Most young jazz bands can do an excellent job learning the notes and rhythms of a tune, but something keeps them from making a tune really swing. Getting a good swing feel in a band of any age and experience is one of the most difficult elements of jazz. So many factors go into it. The drummer has to have a clear feel on the ride cymbal, the bass player has to be locked right onto the drummer for time, and the horns have to be listening to what the rhythm section is communicating. On the horn side of the band, the lead alto, trumpet, and trombone also have to be of like mind. Being the highest pitched instrument and perched in the back of the band, it is the lead trumpet’s job to communicate forward to the others how the horn sections should be playing in terms of style of attack, how laid back to play, and cutoffs. This means the lead trumpet has to be especially tuned into the rhythm section. To use an analogy, the drummer is the engine that powers the band, the bass player serves as the wheels to get you places by outlining the chords, and the lead trumpet is the driver, keeping everyone on the road.
What follows are three of the key elements of playing swing lines that young jazz bands tend to struggle with, a solution on how to improve it, and some big band charts to showcase mastery.
Rushing the last two eighths
From experience, one of the hallmarks of a novice band is when the last two eighth notes of a swing line are rushed/compressed. The line up to that point can be swinging, but then it is as though the needle is yanked across the record, pulling it out of the groove. There are a variety of possible reasons why, but what it comes down to is the listener being jarred out of hearing a cool line at the worst time. Players need to always feel the swing accent and communicate that to the audience.
In order to get players in the habit of swinging to the end, a scale routine can be useful. Moving around the circle of fourths, play up to the 9th and back down, following a pattern of slurring to the beat. This articulation pattern also helps to reinforce the upbeat swing accent, triplet rhythmic offset, and legato articulation throughout, all keys in making a line swing. Some standards of the big band library that can showcase this are Duke Ellington’s Satin Doll, Neal Hefti’s Li’l Darlin’, and Sammy Nestico’s arrangement of Witchcraft.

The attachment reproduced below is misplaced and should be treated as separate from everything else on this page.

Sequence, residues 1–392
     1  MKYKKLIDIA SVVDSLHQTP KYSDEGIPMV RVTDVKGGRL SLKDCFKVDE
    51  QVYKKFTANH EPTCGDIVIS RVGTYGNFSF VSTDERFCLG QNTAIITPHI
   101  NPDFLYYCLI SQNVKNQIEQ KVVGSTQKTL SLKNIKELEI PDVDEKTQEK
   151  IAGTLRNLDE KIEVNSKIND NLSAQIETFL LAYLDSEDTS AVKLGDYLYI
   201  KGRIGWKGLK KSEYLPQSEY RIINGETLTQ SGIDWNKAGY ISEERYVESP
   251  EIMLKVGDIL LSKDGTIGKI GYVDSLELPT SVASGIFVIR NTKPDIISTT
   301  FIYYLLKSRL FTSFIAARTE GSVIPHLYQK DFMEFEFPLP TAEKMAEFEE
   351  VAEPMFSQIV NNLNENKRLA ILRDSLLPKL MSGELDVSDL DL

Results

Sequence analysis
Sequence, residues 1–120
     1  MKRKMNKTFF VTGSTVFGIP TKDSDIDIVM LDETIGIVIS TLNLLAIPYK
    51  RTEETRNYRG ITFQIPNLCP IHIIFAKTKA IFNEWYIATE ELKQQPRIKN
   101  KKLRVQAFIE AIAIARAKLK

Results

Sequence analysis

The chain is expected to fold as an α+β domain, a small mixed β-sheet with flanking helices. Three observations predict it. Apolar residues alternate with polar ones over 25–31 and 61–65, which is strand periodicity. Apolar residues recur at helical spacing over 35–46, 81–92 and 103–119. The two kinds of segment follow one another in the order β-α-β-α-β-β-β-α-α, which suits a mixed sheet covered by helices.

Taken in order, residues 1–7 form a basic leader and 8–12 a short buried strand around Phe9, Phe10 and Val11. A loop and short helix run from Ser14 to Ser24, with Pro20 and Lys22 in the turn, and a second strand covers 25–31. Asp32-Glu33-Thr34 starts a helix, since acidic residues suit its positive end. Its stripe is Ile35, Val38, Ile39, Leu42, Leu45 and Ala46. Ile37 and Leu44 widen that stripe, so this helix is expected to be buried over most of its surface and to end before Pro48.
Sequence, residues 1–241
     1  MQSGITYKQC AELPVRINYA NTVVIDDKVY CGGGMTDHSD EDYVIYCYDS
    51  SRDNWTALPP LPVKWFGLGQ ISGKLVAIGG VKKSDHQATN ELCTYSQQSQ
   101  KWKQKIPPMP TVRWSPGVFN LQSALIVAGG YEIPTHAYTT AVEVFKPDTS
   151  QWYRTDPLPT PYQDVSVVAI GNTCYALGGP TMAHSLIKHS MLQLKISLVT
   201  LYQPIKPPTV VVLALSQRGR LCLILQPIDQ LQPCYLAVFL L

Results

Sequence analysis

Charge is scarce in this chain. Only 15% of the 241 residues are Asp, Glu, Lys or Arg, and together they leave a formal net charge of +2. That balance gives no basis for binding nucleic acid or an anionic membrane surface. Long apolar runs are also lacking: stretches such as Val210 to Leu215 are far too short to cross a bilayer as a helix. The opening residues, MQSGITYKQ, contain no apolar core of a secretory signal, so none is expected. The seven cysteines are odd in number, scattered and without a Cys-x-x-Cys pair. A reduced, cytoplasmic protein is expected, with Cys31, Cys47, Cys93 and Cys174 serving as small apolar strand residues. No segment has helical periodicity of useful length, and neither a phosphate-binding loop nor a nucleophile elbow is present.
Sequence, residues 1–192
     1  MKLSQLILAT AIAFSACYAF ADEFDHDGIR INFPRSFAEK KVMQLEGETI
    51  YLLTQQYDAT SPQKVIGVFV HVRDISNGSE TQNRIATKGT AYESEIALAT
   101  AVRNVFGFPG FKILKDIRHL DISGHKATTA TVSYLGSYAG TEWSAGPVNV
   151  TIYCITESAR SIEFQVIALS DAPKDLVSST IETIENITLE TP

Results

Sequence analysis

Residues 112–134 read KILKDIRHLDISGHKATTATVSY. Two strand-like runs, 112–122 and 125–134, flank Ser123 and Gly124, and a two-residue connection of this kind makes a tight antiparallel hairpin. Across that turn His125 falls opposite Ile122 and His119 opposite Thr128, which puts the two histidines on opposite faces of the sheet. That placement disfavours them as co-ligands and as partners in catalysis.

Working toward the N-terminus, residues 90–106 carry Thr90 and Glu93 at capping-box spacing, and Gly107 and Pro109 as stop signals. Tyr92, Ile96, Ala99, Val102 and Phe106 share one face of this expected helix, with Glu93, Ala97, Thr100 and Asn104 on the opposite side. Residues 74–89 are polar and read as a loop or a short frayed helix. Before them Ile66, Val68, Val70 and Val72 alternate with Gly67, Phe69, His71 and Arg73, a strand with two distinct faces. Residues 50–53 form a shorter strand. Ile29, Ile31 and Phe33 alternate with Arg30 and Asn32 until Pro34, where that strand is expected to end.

Late off an eighth rest
While not unique to jazz bands, being late off a rest will throw off a line and wreck a groove faster than anything. Rushing to catch up is not an option. Rests are not a stopping point, but rather a silent part in the music. In jazz, they especially help to clarify the rhythm. With all of the syncopated rhythms, adding eighth rests for notational clarity is standard practice with publishers and engravers. They are also used to indicate note length, with an eighth note followed by an eighth rest being more clear than a quarter note with an articulation mark.
To help young players understand that the rest is more about rhythm than a stop or breath spot, have them play the line and continue the note before the rest into the rest, eliminating the rest but maintaining the rhythmic integrity of the line. Once they get the feel of where the line continues after the printed rest, play it normally to see if it sticks. Some charts to highlight this are Doug Beach’s New and Improved Blues, Neal Hefti’s Splanky, and Sammy Nestico’s Switch in Time.
Keeping the line natural
Young jazz musicians have a tendency to try and keep all notes at equal volumes unless a dynamic alteration is printed. If asked to sing any of their lines, however, it is very likely there would be some natural inflection added. That inflection needs to be transferred over to the performance on the instrument. Typical notes to highlight are the peaks and valleys of fast melodic lines, usually comprised of eighth notes and indicating a direction change for the line. Other common accents, if thinking in 4/4, are the upbeats of beats two and four. Bar lines can be another limiting factor, so make sure players look at the whole phrase, not just the individual measures.
To work on this, have the sections sing their parts while the rhythm section plays. If there is disagreement, stress listening to the lead player. Lines like this will appear in the saxes more than the brass, so make sure the lead alto has a good concept of the tune. Most any chart with a sax soli will be useful to work on this. For the whole band, some options are Billy Byers’ All of Me, Neal Hefti’s Cute, Mike Tomaro’s Blue-Note Special.
Jazz style comes with time and experience. Listening skills are crucial. A great assignment for developing bands is to have assigned listenings with the students writing reactions to what they heard. The act of writing holds them accountable for listening critically. Jazz has the same basics as concert band music, but students must immerse themselves in the sound to internalize the uniqueness of its style.
Kyle Millsap is Assistant Professor of Trumpet and Jazz and Texas A&M University-Kingsville. He oversees all aspects of the trumpet program, including applied instruction and directing the concert and jazz trumpet ensembles, as well as directing Jazz Band II and performing with the Kingsville Brass Quintet. He has performed and/or presented clinics at several state, national, and international conferences. For more information about Dr. Millsap or the trumpet program at TAMUK, visit millsaptrumpets.com or tamuktrumpets.com.
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